The need for speed prevails


A freedom of information request lodged by the nation’s favourite newspaper depicting topless teens, The Sun, has revealed that only one in 1800 of the 48,544 Metropolitan Police officers caught by speed cameras in 2009 received a fine and/or points on their licence.

The Met is evidently more lenient than most forces (national average: 1 in 43 officers fined), but its approach seems harsh in comparison with that taken on Merseyside, where not a single one of 1913 speeding coppers was cruelly singled out and held accountable.

The law, The Sun reminds us, allows officers on emergency calls to ignore speed limits if obeying them would hinder them in the performance of their duties. Senior officers supposedly review all cases of officers caught speeding to determine whether any offence has been committed.

Clearly they are working with a generously broad definition of what constitutes an emergency and are eager for officers to perform all duties at maximum speed so as to minimise the need to burden the nation’s finances with costly claims for overtime.

The Police Federation told The Sun that offending officers “will be dealt with like anybody else”. Perhaps significantly, it did not say when this would happen.


How serious are insurers about deterring the one form of vehicle theft still rampantly on the rise? Not serious enough, opines Retainagroup, the organisation dedicated to helping people retain the vehicles of which villains would rather relieve them.

It is surely a scandal that cloning remains such as scourge when the practice would be eminently thwartable if more insurers supported the International Security Register (ISR) and gave due credit to the owners of marked and registered vehicles. Here’s what you need to know:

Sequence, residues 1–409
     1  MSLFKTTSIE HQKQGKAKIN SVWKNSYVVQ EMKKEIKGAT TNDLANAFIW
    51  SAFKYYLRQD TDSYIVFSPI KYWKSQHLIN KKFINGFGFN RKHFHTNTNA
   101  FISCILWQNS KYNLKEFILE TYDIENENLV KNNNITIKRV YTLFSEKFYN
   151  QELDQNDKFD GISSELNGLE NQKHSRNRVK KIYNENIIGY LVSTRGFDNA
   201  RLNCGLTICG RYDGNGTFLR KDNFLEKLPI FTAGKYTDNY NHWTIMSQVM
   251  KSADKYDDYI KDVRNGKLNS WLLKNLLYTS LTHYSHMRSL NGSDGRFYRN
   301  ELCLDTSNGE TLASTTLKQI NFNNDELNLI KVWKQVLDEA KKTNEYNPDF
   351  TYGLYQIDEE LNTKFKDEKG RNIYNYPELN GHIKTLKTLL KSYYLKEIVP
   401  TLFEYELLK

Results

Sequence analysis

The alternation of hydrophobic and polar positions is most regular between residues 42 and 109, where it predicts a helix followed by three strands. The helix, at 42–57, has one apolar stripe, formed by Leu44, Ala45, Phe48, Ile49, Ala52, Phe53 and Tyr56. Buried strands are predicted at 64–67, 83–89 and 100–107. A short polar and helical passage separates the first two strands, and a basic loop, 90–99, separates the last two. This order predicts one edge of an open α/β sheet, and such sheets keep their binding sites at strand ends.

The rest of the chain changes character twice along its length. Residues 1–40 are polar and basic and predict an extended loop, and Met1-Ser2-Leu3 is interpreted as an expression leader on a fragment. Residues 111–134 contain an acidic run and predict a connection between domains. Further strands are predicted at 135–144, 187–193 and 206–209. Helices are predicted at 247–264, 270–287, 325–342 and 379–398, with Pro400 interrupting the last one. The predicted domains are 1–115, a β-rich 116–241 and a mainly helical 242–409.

It all begins with etching. “Come up and see my etchings” is an offer no gamine ingénue can apparently resist. But to your average cloning criminal the phrase is anathematical. Etching is precisely the thing such villains most fear.

On buses and trains around the UK, window etching is an increasingly popular pastime, particularly among the younger members of our society (sadly, the standard of their handiwork is often crude, the import of their scrawled impressions scarcely legible). But even this vast army of engravers would surely baulk at the challenge of etching 60 million vehicle windows.

Not so Retainagroup. Upon the transparent vitreous sections of this barely imaginable profusion of motor vehicles, Retainagroup has chemically etched the manufacturer’s logo, a unique seven-digit code and the telephone number of the ISR neatly, visibly and permanently.

Yes, the Retainagroup security marking and registration system has been protecting vehicles against theft for 27 years. It is a highly effective means of both deterring and detecting cloning. The ISR stores details of each etched vehicle, available for verification for the price of a standard phone call by anyone, at any time, either day or night. If the code on a vehicle’s windows doesn’t match the plates and the VIN, then that clone alarm claxon should be sounding full-blast.

Picture the scene: a sun-bleached tar-stained quayside in Dubai. Two human hawks in Ray Bans languidly survey a suspect container with an automotive payload. Suddenly they swoop. The practiced eye of the harbour police has picked out a batch of suspected stolen vehicles.

But how do they check? Interpol has no record of any matching vehicles. Wait – what about the ISR? That’s more like it! A quick call to the ISR confirms the harbour hawks’ hunch. “Without the secondary marking system, these vehicles would not have been recovered and valuable intelligence would have been lost,” they confirm before strolling off for a very interesting chat with the importer’s local agent.

No surprise then that the Retainagroup marking process and the ISR are accredited by the Loss Prevention Council and by Thatcham. The police use the system daily – and if you want to check a suspected clone, you too can call the ISR at any time for an immediate response.

So get behind the ISR, you car insurers, and we’ll soon have the cloners on the run!

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